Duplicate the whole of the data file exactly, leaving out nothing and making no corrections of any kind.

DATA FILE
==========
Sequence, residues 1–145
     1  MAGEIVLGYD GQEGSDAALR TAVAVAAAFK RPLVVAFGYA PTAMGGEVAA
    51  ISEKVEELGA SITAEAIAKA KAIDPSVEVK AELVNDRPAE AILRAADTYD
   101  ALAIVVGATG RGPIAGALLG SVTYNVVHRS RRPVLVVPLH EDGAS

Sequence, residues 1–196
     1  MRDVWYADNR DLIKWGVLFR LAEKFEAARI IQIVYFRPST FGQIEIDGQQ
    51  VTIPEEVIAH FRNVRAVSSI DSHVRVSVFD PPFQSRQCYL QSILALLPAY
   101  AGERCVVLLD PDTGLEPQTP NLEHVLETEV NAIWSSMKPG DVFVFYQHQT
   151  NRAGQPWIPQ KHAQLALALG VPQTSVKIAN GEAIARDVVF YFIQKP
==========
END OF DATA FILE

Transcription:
Sequence, residues 1–145
     1  MAGEIVLGYD GQEGSDAALR TAVAVAAAFK RPLVVAFGYA PTAMGGEVAA
    51  ISEKVEELGA SITAEAIAKA KAIDPSVEVK AELVNDRPAE AILRAADTYD
   101  ALAIVVGATG RGPIAGALLG SVTYNVVHRS RRPVLVVPLH EDGAS

Sequence, residues 1–196
     1  MRDVWYADNR DLIKWGVLFR LAEKFEAARI IQIVYFRPST FGQIEIDGQQ
    51  VTIPEEVIAH FRNVRAVSSI DSHVRVSVFD PPFQSRQCYL QSILALLPAY
   101  AGERCVVLLD PDTGLEPQTP NLEHVLETEV NAIWSSMKPG DVFVFYQHQT
   151  NRAGQPWIPQ KHAQLALALG VPQTSVKIAN GEAIARDVVF YFIQKP